The brain is a delicate, complex thing. Too much of one chemical or too little of another can throw everything out of whack, leading to debilitating illnesses like depression, anxiety and stress. One traumatic experience in life can have undeterminable consequences on someone, which can pop up unexpectedly after being repressed for decades.
When a woman has experienced sexual harassment, this can have a very draining effect on her mental health, be it from symptoms of post traumatic stress disorder (PTSD), trust issues or otherwise. Scientists at Rutgers University have conducted a study about the effect that sexual aggression has on the brains of female rats, to try and determine some of the long term damage that is caused.
Lead author Tracy Shors and her team from the Department of Psychology and Center for Collaborative Neuroscience in the School of Arts and Sciences at Rutgers developed something called the Sexual Conspecific Aggressive Response (SCAR) model to determine how stress associated with sexual aggression affected the rats. They found that females that were exposed to adult males during puberty were less likely to be good mothers to their babies.
Also, fewer newly generated brain cells were present in the females that had minimal maternal behaviour when compared to females that better cared for their offspring.
“This study is important because we need to understand how sexual aggression affects all species,” said Shors in a statement. “We also need to know the consequences of this behaviour in order for us to determine what we can do to help women learn to recover from sexual aggression and violence.”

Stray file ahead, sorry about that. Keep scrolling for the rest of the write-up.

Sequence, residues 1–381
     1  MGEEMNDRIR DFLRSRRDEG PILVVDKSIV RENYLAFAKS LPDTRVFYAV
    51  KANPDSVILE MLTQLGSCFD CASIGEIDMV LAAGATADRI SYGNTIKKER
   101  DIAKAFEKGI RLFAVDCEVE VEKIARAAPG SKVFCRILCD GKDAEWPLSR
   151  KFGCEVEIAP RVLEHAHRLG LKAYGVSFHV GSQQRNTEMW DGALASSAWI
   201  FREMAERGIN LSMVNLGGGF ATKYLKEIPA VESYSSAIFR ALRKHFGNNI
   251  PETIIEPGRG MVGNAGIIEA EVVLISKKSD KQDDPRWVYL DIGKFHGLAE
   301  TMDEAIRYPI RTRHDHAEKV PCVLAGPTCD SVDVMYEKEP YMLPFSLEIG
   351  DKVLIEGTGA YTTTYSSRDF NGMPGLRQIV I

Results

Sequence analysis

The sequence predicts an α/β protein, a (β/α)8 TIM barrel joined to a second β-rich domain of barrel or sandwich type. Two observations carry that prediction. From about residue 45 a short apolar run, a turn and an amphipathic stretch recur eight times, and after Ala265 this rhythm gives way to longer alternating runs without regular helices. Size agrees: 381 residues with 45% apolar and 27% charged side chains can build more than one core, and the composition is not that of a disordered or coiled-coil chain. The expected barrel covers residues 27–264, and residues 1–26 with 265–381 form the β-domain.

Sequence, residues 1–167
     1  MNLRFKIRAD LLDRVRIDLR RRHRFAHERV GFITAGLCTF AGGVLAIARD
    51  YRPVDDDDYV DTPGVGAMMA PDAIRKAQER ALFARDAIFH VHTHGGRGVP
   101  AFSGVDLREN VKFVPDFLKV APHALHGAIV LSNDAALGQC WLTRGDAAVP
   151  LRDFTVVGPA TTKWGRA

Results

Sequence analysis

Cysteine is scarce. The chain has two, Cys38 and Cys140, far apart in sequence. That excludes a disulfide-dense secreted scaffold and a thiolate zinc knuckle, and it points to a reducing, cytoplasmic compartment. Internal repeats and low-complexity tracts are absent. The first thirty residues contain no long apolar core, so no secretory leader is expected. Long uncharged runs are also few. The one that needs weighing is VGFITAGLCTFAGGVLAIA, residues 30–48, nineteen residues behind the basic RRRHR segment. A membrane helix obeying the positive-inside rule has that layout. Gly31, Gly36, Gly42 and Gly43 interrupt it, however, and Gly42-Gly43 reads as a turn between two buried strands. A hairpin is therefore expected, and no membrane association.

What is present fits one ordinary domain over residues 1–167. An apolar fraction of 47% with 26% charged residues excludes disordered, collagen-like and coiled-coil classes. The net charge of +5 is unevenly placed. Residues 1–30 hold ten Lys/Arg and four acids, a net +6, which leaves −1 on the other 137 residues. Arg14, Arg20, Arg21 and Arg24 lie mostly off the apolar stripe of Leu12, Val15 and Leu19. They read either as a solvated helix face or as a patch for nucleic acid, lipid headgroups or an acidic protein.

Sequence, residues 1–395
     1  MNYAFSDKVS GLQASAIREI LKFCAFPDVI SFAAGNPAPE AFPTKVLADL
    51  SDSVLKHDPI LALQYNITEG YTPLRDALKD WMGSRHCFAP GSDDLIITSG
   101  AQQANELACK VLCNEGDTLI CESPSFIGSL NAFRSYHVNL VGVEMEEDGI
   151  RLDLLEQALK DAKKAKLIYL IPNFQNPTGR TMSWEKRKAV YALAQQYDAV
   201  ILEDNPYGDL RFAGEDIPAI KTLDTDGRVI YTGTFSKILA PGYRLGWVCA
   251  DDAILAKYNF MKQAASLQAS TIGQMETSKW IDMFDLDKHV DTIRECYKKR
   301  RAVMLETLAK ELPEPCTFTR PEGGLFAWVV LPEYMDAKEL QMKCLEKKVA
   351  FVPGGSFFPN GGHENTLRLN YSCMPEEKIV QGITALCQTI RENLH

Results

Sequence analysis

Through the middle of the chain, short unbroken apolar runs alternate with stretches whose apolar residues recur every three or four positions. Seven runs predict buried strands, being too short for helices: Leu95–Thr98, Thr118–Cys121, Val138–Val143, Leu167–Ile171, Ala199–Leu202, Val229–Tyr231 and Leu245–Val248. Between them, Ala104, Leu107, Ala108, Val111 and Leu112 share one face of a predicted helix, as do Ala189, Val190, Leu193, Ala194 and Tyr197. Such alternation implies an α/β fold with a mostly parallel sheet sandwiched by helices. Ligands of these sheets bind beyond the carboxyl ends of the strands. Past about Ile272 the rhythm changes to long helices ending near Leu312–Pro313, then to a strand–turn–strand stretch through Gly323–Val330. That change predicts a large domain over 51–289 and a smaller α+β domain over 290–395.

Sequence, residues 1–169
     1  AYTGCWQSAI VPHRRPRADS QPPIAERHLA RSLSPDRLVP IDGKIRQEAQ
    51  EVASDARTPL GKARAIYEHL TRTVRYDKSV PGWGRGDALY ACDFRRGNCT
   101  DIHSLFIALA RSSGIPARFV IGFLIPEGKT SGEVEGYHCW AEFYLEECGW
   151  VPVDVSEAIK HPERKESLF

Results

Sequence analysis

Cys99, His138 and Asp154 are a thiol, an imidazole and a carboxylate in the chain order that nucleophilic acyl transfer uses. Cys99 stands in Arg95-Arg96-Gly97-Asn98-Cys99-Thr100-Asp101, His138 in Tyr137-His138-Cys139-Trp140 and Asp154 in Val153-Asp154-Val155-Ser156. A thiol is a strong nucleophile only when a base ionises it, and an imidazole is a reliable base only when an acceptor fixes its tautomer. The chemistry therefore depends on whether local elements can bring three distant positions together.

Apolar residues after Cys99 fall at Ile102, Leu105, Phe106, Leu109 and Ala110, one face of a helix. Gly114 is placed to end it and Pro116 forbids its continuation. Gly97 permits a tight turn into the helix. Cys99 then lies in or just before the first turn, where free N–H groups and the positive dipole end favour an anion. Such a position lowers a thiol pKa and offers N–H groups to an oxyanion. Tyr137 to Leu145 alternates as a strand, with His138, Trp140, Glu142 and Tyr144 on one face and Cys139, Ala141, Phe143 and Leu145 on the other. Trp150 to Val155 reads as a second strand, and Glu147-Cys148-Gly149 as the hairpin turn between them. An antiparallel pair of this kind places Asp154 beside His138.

Around 30% of women worldwide experience some sort of physical or sexual harassment in their lifetime. Recent surveys have indicated that as many as one in five college women experience sexual violence while they are on campus, and according to the WHO, teenage girls are the more likely to be victims of rape, attempted rape or assault.
The researchers don’t know if humans would have the same reaction to sexual aggression, but the amount of women that do experience PTSD later on in life suggests that the brain is affected. PTSD is associated with decreased brain functions related to learning and memory, which points in the direction of traumatic recollections being physically harmful, not only horrible memories.
Until now, there has been relatively little research involving female mental health and sexual trauma, so the effects are not well understood. Shors said that laboratory models have traditionally looked at how stress affects the brains of male animals, which does on reflect the kind of stress that young women experience.
Difficult to find study participants
Unfortunately, when the law is often not on the side of sexual assault victims, it’s probably unlikely that many would want to get involved in studies. Rape is very difficult to prove, due to sloppy testing and incomplete police reports, and thus women are constantly told that they’re lying or were perhaps too drunk to remember the events clearly enough.
“We know very little about the brain mechanisms that account for the increase in depression and mood disorders among women who experience sexual trauma and aggression,” Shors said. “But with new approaches and attention to this issue, we can find out how the female brain responds to aggression and how to help women learn to recover from sexual violence.”
Hopefully, with more studies looking into how women are affected by their experiences, it will show that we are taking violence against women more seriously. Showing that science can help understand women’s mental wellbeing could have a positive effect on victims, even if it has failed them in the court room.
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